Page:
If you haven’t been to www.w0rmh0le.net, you should! There are games streamed, summer interviews with artists and programmers, and a new story written by me. It’s a dystopian cyberpunk story, which is waaaaaay outside of my comfort zone, but both of which are genres/aesthetics that I enjoy.
Here is a snippet from the story. You can find the ongoing series at w0rmh0le Lore.
Pretending to be human always proved difficult for Wesley, no matter how often he had to do it.
Of course, nobody in the upper echelons was truly human anymore. Augmentation and redesign were the most lucrative markets, and everybody took advantage of summer sales on new limbs, sharper eyes and, of course, weaponized add-ons. To some extent, Wesley couldn’t blame them; the city was getting more dangerous as desperation rose in the face of the new mayor. He had given jobs to AI in order to save a dime for his important corporate backers, and the workers of Sodoria felt the strain.
Too bad it wasn’t the poorest of the city that could utilize new weapons to defend themselves. The imbalance between the two made it too easy for the richest of Sodoria to decide the fate of the poorest. Illicit markets were growing, and so was the population in the cellblocks.
As an AI, himself, Wesley was relegated to working and rebooting. If authorities knew what he was doing, they would disassemble and reprogram him before the morning. He couldn’t risk losing the empathy glitch in his most recent upgrade—having a purpose was almost addictive.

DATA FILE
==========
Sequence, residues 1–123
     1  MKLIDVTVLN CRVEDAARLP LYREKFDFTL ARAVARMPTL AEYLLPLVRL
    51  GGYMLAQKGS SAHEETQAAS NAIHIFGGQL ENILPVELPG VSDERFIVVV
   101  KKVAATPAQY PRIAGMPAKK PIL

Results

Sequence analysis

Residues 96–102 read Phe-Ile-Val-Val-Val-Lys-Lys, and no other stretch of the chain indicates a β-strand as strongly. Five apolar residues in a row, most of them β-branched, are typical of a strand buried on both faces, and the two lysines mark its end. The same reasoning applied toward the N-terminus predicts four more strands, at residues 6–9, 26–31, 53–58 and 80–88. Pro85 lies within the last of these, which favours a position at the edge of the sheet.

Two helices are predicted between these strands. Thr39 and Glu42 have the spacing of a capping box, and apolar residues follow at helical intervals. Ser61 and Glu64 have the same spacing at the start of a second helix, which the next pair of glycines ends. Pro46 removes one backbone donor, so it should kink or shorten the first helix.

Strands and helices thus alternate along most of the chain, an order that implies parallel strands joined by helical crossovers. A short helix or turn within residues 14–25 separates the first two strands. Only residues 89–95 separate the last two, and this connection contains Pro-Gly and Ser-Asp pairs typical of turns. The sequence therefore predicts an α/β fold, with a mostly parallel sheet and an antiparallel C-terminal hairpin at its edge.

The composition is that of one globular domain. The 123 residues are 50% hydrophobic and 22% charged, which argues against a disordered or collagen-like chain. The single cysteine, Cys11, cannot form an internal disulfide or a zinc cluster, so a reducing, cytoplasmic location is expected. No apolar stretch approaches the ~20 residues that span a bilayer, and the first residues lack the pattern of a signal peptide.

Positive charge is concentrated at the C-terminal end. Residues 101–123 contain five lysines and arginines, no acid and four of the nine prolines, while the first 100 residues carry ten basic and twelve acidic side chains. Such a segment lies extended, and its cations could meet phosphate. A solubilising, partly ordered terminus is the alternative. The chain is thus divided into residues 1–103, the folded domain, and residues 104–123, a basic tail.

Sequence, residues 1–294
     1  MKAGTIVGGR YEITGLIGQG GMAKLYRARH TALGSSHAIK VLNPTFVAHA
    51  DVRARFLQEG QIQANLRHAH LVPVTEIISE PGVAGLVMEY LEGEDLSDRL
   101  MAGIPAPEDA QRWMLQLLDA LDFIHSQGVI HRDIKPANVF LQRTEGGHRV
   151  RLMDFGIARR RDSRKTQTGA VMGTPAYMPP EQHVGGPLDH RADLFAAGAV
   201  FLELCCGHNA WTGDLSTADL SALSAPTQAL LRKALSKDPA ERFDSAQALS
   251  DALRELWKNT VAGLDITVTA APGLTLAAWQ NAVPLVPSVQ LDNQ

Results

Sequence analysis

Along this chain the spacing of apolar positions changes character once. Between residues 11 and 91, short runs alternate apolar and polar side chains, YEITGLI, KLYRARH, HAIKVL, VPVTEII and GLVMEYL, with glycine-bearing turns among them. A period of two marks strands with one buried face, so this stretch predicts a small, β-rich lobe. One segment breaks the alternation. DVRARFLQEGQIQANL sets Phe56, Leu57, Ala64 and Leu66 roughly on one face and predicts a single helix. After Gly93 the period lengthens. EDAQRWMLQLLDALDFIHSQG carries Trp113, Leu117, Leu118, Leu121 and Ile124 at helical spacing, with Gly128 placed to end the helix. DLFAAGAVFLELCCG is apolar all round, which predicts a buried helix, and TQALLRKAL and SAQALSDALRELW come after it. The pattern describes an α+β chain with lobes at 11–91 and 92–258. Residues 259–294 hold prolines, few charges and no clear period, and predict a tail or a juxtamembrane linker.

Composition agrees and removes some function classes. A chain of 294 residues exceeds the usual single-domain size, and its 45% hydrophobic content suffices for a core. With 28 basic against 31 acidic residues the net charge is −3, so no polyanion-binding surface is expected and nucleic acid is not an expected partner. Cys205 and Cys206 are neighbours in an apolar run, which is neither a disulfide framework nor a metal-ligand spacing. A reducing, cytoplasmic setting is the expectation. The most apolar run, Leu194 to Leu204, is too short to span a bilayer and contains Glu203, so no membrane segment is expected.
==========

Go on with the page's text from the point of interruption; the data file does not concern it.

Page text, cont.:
Wesley pulled the scarf and hat around his screen, covering everything but the space for his eyes, which he projected to look like any augmented eyes of the crowd. He moved slowly as to not draw attention to himself, avoiding making eye contact for too long. There was a jolt in his circuits as he made his way to the markets. The bright, neon screens advertising the newest models in augmentations or the newest smart device for the home lit up the nighttime pavilion, casting hues of pink or blue or green across the throngs of people. The hum of voices and movement echoed around him as the people, in their nicest clothes with their expensive jewelry and prosthetics, haggled for new parts or replacements, for fresh vegetables and fruits, for thick cuts of meat or for much-needed medicine. He placed his hand in his pocket, finding the parts he had taken from his shift in the AI hardware development sector.
He slid up to a usual customer; a thin man named Tess that never asked too many questions. Tess knew two things—that his clients needed their augmented limbs re-tightened and that they didn’t want the usual cheap materials that made up the commercial-grade quality. They desired government-quality parts, but these were scarce unless you paid exorbitant prices or, as in Tess’s case, knew somebody who could sell it at a discount.
“What you got today, Wes?” Tess asked, looking down at his tools as he readied them for the next client.
“Six titanium bolts, ready to go.”
“They aren’t categorized, eh?”
“Have I ever sold you categorized parts?” Wesley asked. “My contact and I would be in deep trouble if that happened.”
“Don’t know how you do it,” Tess said, not looking up at Wesley. “Don’t want to know how you do it, either. Your price is reasonable. Seven trendles still okay?”
“Still the going rate for this kind of haul, yes.”
“Great,” Tess said, wiping his brow and finally looking out of the side of his eye at Wesley. “You make a lot of clients happy, Wes. Lot of clients.”
“What can I say,” Wesley said, trying to keep the disdain he felt for Tess’s clients out of his voice, “I aim to please.”